Opportunity or Challenge? Promoting greater participation of Indonesian women in STEM

Women are at risk of being replaced by technology, including automation and robotics, at the as they are employed predominantly in jobs requiring low science, technology, engineering and mathematics (STEM) skills. Michiko Miyamoto, Country Director of the ILO in Indonesia, explained about the importance of promoting greater participation of women in STEM in Indonesia and the support given by the ILO on this issue.

Analysis | Jakarta, Indonesia | 17 February 2020
Michiko Miyamoto, ILO Country Director for Indonesia and Timor-Leste

What is ILO’s projection on the global and Indonesia’s condition of labour market in the next 5 years?

Reflecting a sustained economic growth, global employment recorded a sustained growth over the past decade. In fact, the World has added almost 310 million employment (2,985 million employment in 2010 -> 3,295 million in 2019).

The ILO forecasts that this trend continues over the next 2 years. Indonesia’s employment paints a similar picture – a sustained job growth and a decline in unemployment rate. While economic slowdown in China may affect the Indonesia’s economy and labour market, overall positive trends in employment are likely to be maintained in the coming years.

What is ILO’s projection on the global and Indonesia’s condition of female labour market in the next 5 years?

Generally, women are still overlooked and women’s representation in the decision-making positions is still low, however, it is worth noting that there has been some efforts made in ensuring equal opportunity for men and women to contribute into economic development. Especially, technology plays a key role in achieving decent work and gender equality and today we all have an opportunity to meet a number of women game changers who are bringing diversity, creativity and innovation in the role of women in the world of work.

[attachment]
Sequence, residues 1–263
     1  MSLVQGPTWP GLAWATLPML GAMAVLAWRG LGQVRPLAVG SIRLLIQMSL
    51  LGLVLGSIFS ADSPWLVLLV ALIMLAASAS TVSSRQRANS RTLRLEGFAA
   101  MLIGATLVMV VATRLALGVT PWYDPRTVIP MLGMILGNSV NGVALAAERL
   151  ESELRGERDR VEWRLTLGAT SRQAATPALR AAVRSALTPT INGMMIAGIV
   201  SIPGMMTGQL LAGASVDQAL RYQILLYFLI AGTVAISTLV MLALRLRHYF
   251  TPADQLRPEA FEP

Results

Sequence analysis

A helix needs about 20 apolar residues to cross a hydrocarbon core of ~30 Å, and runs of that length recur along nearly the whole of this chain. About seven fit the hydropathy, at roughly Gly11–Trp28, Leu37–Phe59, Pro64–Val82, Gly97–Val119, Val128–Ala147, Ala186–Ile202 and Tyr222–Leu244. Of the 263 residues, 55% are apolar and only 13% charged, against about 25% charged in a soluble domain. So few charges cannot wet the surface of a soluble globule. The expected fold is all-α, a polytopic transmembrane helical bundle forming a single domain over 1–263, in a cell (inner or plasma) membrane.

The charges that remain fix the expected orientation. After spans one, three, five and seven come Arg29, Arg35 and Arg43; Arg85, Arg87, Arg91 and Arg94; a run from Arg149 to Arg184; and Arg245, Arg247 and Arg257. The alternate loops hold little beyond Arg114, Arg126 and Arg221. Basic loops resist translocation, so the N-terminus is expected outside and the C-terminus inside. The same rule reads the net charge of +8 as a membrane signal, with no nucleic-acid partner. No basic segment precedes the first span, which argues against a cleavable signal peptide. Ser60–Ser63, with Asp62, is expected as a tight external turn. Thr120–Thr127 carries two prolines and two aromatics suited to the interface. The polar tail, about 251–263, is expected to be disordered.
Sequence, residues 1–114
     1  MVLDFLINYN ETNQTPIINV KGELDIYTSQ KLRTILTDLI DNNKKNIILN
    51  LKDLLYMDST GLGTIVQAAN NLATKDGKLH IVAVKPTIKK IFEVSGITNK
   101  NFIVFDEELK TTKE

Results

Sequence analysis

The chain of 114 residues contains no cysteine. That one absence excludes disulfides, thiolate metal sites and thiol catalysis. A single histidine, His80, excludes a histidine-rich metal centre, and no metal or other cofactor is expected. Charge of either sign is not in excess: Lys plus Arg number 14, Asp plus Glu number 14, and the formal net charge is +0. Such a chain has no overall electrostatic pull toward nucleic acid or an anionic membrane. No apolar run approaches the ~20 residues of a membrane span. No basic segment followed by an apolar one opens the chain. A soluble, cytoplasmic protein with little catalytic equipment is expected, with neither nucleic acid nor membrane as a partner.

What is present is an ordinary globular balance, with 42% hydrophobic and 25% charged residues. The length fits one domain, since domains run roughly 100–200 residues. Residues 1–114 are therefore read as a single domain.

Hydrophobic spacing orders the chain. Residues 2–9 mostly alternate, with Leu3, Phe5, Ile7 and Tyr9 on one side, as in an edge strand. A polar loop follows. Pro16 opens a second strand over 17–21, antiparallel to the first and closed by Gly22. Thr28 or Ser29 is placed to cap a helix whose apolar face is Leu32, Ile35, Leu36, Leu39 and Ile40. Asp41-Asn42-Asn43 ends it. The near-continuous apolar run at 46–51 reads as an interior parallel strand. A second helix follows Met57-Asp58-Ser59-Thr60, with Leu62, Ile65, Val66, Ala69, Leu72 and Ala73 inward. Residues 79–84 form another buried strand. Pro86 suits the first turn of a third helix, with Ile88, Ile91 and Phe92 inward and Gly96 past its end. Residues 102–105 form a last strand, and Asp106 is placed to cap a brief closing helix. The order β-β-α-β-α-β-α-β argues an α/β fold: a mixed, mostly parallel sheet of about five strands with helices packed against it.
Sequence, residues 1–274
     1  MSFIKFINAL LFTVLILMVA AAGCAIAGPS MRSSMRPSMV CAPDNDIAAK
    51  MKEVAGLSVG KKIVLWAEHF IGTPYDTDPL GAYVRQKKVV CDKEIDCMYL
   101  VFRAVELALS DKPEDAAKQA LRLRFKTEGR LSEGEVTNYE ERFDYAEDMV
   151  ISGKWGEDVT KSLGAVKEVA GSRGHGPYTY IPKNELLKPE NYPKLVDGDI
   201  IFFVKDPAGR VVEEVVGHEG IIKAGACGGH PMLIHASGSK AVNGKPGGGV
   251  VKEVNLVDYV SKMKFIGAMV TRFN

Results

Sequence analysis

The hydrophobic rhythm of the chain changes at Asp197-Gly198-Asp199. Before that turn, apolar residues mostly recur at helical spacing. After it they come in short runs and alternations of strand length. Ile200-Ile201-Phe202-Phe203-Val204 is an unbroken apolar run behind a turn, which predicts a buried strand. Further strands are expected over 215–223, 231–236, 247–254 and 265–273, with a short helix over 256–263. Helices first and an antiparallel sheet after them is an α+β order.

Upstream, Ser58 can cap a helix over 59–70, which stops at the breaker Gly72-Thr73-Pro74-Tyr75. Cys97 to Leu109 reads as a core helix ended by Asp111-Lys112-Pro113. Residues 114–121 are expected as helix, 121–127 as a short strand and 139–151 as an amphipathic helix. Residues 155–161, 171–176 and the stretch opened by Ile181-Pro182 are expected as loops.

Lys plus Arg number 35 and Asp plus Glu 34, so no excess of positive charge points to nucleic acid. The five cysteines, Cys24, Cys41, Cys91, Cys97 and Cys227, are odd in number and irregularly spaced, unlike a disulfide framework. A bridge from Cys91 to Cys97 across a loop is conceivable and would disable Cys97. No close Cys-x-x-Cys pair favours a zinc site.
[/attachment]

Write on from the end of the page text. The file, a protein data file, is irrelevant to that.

For STEM area, it is a global phenomenon as well as apparent in Indonesia that women employment in STEM industries are mostly concentrated in low-skilled jobs. Based on ILO’s research on the Future of Work, approximately 56 percent of all employment in the 5 biggest ASEAN nations, including Indonesia, is at high risk of displacement due to technology over the next decade or two, and most of these jobs are done by women. Women are 20 percent more likely than men to losing their job as a consequence of automation.

The ILO has a vision for a human-centered agenda that is based on investing in people’s capabilities, institution of work and in decent and sustainable work. The ILO is committed in the development and delivery of the ‘human-centered economic agenda’ in the international system and calls on the organization to give urgent attention to the implementation of the report’s recommendations. The ILO through Women in STEM Programme supported by J.P Morgan Chase Foundation aims to improve women acquisition and adoption of critical soft and technical STEM-related skills for selected STEM sectors including ICT and automotive, and in this way, contribute to reduce the skills mismatches that are affecting workers’ productivity and enterprises’ competitiveness in this rapidly changing context.